If you want to avoid confusion it's probably not a good idea to change the meaning of $a$ and $b$ from those in the original question (repeated under).

For real $a$ and $b$, $(ab)^{0.5}=a^{0.5}b^{0.5}$ unless both $a$ and $b$ are negative, in which case $(ab)^{0.5}=-a^{0.5}b^{0.5}$.

18. May 8, 2010

### Char. Limit

No, if a and b are both negative, than the result is invalid. And I already proved the result if either a or b is negative.

So if both a and b are negative, the result is invalid (actually multivalued).

If either a or b is negative, my result follows above.

19. May 8, 2010

### Martin Rattigan

From the original question:

What I was suggesting is that this is likely to lead to confusion.

By "the result" here, do you mean the result given in the original question or the result I gave in answer?

If the former then I would agree with you. That is the import of the minus sign in the last expression in my answer.

If the latter, can you give a specific pair of real values for a and b where you think the answer is incorrect?

With the usual definition of $z^w$ for complex $z,w$ viz. $z^w=e^{w Log(z)}$ the Log is taken to be the principal log, so the function is single valued, so I think your remarks about the result being multivalued are mistaken if by "the result" in this case you mean one of (ab)0.5, a0.5 or b0.5.

Last edited: May 8, 2010
20. May 8, 2010

### Char. Limit

I mean your result.

$$\sqrt{(-2)(-8)}=\sqrt{16}=4$$

I only used multiplication and the square root of a positive number. If a and b are negative, the answer is a real, positive number, and your result is invalid. Assuming we don't take the principal root (always possible)...

$$\sqrt{(-2)(-8)}=\sqrt{16}=4 , -4$$

Which is multivalued. So if the principal root gives you a real, positive number, and the general root gives you multiple values, you won't receive a singlevalued negative real number from your operations.

(Note: I did post the wrong Wikipedia section... They are talking about complex numbers, not negative numbers. Sorry for that mixup.)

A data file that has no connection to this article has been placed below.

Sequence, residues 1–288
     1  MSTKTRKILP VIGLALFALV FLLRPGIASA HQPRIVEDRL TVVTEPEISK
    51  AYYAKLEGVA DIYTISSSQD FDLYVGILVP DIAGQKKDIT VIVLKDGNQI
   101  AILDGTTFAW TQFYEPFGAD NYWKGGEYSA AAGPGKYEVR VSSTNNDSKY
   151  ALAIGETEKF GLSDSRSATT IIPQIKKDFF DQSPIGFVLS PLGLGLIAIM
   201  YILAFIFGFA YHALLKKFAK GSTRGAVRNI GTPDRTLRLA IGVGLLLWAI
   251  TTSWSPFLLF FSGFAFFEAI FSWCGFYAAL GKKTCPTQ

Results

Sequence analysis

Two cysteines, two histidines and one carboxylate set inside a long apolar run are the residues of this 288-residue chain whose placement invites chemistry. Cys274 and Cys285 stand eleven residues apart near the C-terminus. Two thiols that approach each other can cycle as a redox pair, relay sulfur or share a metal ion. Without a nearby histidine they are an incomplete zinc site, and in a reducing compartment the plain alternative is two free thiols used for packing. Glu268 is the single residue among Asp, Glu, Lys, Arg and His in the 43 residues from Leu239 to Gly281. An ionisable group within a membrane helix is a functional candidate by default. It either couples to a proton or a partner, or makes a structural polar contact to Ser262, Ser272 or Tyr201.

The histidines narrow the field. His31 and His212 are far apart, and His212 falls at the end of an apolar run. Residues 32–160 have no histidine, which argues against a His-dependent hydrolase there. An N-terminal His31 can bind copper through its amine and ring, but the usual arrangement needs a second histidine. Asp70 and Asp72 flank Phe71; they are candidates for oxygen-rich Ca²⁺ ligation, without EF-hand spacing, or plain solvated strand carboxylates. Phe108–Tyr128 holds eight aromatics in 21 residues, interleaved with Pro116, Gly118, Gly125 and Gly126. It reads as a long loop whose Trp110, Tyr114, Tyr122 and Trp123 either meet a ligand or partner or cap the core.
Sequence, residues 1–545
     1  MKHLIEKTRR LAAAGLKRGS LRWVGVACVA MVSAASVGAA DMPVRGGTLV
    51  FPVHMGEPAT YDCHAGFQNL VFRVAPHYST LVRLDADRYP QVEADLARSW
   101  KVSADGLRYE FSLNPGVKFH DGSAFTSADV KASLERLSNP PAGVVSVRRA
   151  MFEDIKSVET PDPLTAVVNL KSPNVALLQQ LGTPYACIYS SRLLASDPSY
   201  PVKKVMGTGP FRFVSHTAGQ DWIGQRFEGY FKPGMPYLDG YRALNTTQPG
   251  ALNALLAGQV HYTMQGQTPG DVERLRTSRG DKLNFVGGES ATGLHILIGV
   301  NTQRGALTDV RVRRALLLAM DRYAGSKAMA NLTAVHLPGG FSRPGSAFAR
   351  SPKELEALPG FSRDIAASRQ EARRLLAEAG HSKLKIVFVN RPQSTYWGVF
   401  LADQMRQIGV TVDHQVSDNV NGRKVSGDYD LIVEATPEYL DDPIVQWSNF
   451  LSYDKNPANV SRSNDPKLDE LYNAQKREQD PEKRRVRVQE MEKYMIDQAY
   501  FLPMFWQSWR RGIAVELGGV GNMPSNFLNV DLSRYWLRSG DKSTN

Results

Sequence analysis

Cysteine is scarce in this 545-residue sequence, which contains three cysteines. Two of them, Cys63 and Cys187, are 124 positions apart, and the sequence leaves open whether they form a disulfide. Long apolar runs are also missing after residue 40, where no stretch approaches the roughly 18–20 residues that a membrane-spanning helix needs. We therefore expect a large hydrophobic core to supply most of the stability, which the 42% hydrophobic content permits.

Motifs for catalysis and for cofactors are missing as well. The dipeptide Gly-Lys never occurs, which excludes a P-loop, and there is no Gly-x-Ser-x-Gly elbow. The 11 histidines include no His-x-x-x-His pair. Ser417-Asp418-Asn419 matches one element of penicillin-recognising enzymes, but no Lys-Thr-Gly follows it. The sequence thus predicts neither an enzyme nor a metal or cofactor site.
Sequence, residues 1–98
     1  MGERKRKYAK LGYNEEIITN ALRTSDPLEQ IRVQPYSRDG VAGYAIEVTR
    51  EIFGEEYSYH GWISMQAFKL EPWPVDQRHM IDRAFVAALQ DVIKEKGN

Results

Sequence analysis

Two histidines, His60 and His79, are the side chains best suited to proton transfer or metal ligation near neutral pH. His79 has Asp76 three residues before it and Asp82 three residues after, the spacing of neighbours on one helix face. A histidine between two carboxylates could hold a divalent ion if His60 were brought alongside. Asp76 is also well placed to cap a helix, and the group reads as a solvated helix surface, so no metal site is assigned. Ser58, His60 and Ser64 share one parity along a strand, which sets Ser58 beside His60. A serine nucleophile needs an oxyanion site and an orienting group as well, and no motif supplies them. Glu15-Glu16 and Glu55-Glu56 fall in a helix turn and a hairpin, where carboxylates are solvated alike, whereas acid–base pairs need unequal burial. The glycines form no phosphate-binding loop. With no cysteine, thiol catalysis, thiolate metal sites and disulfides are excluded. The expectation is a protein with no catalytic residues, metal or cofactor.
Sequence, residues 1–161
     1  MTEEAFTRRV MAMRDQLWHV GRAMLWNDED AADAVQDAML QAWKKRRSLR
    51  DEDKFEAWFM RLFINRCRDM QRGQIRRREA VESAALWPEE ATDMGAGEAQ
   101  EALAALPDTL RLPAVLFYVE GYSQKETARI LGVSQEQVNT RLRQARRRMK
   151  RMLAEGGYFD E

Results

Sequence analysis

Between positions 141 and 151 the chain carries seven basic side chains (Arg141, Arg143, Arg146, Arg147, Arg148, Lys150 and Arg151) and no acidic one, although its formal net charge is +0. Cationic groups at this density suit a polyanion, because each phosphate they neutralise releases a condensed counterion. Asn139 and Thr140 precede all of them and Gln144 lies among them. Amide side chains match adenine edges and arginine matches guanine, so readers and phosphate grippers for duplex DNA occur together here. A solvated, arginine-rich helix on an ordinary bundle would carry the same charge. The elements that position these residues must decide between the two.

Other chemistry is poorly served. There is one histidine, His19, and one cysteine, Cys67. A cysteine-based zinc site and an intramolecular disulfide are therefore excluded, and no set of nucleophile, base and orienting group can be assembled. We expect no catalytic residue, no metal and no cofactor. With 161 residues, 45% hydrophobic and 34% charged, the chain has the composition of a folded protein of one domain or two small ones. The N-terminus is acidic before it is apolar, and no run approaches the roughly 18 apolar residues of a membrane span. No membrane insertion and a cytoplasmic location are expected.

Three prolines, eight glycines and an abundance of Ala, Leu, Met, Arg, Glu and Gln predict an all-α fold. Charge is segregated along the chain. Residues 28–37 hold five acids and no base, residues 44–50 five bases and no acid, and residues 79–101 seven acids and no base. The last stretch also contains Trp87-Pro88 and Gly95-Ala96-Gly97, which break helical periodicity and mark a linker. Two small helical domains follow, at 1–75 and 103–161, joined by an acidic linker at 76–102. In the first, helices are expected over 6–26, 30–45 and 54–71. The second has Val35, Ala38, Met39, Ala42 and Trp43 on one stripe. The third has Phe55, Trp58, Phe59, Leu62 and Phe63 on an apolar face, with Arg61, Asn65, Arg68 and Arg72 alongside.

21. May 8, 2010

### Martin Rattigan

This is the same example that Mark44 previously used. As I said regarding that example:

the result agrees with Xitami's formula, which matches my answer for $a,b$ both negative. So that is not a counter-example.

Both notations $z^{0.5}$ and $\sqrt{z}$ are defined as the principal root (precisely to avoid multiple values). It's always possible for you not to take the principal root, but in that case you're not talking about the problem.

So I think the one line answer I included a few posts back was all that was really required for this thread.

PS. Neither OP nor I said anything about the expressions on either side being real. I would say it was clear that OP was well aware that they would not be.

Last edited: May 8, 2010
22. May 8, 2010

### Char. Limit

You're assuming that $\sqrt{ab}=\sqrt{a}\sqrt{b}$ if both a and b are negative. This isn't true. After all, here's another equation using your same logic (it's your logic, right?)

$$-1=i^2=i \times i=\sqrt{-1}\sqrt{-1}=\sqrt{-1 \times -1}=\sqrt{1}=1$$

And that's why $\sqrt{ab}$ does not equal $\sqrt{a}\sqrt{b}$ for negative a and b. Because if it did, -1 would equal 1.

Edit: Here's another place that shows the same logic, but with division. The relevant material is near the bottom.

http://www.math.toronto.edu/mathnet/falseProofs/guess11.html

Last edited: May 8, 2010
23. May 8, 2010

### Martin Rattigan

Absolutely not. If you read what I wrote a little more carefully it says that $\sqrt{ab}=-\sqrt{a}\sqrt{b}$ if both $a$ and $b$ are negative. This gives you:

$-1=i^2=i\times i=\sqrt{-1}\sqrt{-1}=-\sqrt{-1\times -1}=-\sqrt{1}=-1$

No surprise there.

24. May 8, 2010

### Char. Limit

Ok, then tell me why every single calculator I've used on this iPod (six at last count) gave me real and positive numbers for every square root of the product of two negative numbers that I put in? According to you, those numbers should be negative. Also, shouldn't math be consistent? So why can't I multiply the numbers in the radicand to produce a positive product, when I can with ANY other number under that root sign? In other words, why does multiplying the numbers in the radicand and then taking the square root (all allowed formal operations) produce a positive number, but your method produces a negative number?

25. May 9, 2010

### Mentallic

How did you come up with this?

The way I see it, and why I agree with Char.Limit is that $$\sqrt{-1}\sqrt{-1}=\sqrt{(-1)(-1)}$$ from $$\sqrt{a}\sqrt{b}=\sqrt{ab}$$

The problem arises from the order the process is undertaken. Repeating what wikipedia said that Char.Limit posted,
$$1=\sqrt{1}=\sqrt{(-1)(-1)}=\sqrt{-1}\sqrt{-1}=i^2=-1$$

or

$$1=\sqrt{1}=\sqrt{(-1)(-1)}$$ (now at this point we multiply under the brackets first, to go back to the previous equality, in which case we will get 1 again).